Though you may not expect headphones to pose a cybersecurity risk, German-based security firm Secorvo discovered that Sennheiser headphones could be used as a Trojan horse that potentially opens up your computer to hackers. Fortunately, the problem isn’t hardware related, as the headphones themselves are safe to use. Instead, the security flaw exists within Sennheiser’s HeadSetup software and how it installs and manages encrypted certificates on your PC.
According to researchers, Sennheiser’s desktop software was installing a self-signed root certificate into the Trusted Root CA Certificate store that’s valid until January 13, 2027, as well as an encrypted private key. The problem for Sennheiser is that the certificate uses the same decryption key for every installation of the software. An attacker who’s able to decrypt this key would be able to issue forged certificates that impersonate any HTTPS website. These new certificates would give attackers access to traffic for other domains, allowing hackers to perform man-in-the-middle attacks.
“We found that — caused by a critical implementation flaw — the secret signing key of one of the clandestine planted root certificates can be easily obtained by an attacker,” Secorvo noted in its report. “This allows him or her to sign and issue technically trustworthy certificates. Users affected by this implementation bug can become victim of such a certificate forgery, allowing an attacker to send [for example] trustworthy signed software, or acting as an authority authorized by Sennheiser.”
“With this in place, a hacker could effectively snoop on a persons’ traffic and read and alter the supposedly encrypted traffic to targeted domains,” The Inquirer noted of the danger of the HeadSetup vulnerability. “From there, information could be pilfered, such as data pertaining to log in to web services.”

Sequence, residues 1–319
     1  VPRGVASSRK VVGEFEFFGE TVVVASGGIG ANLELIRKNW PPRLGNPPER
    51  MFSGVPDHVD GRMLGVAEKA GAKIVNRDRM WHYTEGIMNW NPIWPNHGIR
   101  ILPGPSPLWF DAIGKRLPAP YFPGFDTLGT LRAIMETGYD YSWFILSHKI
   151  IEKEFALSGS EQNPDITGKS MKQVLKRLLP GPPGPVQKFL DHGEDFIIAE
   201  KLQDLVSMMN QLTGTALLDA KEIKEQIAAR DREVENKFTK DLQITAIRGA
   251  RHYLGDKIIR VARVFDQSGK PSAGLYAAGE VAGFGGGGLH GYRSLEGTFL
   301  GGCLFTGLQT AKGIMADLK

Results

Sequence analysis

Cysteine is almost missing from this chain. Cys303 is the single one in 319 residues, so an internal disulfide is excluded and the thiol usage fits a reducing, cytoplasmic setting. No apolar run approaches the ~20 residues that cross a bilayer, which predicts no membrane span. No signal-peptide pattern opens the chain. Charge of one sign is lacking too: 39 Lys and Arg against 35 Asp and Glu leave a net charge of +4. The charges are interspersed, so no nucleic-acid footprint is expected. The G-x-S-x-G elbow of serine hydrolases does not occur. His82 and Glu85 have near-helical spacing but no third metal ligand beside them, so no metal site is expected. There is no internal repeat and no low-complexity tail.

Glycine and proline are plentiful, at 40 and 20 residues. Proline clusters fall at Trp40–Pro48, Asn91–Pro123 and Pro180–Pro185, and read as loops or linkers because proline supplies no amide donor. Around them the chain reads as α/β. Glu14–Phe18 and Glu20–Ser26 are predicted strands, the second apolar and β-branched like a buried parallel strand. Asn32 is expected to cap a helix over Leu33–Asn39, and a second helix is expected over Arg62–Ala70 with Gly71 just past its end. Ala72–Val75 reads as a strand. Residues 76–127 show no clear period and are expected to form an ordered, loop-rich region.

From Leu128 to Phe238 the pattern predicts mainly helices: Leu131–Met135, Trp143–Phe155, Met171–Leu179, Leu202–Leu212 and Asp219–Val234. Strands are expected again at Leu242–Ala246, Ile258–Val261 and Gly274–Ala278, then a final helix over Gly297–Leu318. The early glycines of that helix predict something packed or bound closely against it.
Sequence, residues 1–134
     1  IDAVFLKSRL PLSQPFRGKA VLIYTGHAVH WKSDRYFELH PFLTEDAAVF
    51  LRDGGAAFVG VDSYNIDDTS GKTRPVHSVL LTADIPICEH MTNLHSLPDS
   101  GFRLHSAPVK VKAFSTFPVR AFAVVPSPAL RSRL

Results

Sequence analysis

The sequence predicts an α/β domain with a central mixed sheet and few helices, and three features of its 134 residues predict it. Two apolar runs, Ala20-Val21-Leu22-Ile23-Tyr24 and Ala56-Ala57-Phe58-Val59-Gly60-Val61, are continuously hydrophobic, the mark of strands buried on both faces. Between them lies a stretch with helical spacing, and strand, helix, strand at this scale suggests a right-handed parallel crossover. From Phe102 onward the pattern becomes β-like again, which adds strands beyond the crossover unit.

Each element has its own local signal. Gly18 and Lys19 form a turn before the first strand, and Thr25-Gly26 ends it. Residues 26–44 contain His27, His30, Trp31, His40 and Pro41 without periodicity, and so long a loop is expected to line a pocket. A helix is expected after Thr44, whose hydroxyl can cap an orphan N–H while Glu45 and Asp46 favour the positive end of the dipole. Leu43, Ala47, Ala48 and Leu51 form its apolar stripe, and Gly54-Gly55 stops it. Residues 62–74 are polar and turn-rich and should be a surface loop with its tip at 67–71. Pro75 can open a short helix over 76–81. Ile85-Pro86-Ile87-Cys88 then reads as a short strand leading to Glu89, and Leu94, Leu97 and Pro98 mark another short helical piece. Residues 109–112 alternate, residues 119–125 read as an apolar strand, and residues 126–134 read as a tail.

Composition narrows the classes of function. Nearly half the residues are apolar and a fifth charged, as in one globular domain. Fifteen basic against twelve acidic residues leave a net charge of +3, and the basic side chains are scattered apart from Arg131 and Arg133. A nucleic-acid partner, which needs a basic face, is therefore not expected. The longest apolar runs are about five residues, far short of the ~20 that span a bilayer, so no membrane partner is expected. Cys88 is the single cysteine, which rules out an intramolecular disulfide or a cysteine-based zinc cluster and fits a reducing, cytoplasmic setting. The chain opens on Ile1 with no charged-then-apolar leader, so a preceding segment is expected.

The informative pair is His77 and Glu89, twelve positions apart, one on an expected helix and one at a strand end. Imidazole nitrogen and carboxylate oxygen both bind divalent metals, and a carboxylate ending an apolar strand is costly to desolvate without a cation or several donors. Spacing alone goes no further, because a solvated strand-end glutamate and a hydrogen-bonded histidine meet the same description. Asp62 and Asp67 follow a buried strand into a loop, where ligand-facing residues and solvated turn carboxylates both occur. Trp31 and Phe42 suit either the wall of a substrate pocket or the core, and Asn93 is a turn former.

As a result of Secorvo’s report, Microsoft has also issued security advisory ADV180029, warning users and system administrator that “inadvertently disclosed digital certificates could allow spoofing.” This type of vulnerability isn’t unlike the widely publicized Lenovo Superfish bug from 2015. In the Lenovo case, users became aware that pre-installed bloatware were signed with a weak security certificate that could allow hackers to inject malicious software on Lenovo systems or access data that would have otherwise been encrypted.
Sennheiser claims that is is working on an update to its HeadSetup software to patch the vulnerability. “Sennheiser was informed about this vulnerability in advance, is aware of the vulnerability impact, and started working on an updated version of HeadSetup to resolve the issue,” Secorvo wrote in its report. “According to the developers, this process will take a while.”
In the interim, Sennheiser has implemented a temporary fix to keep users protected by removing the certificate. Users can access the temporary solution through the headphone maker’s support site while the HeadSetup software is being updated.
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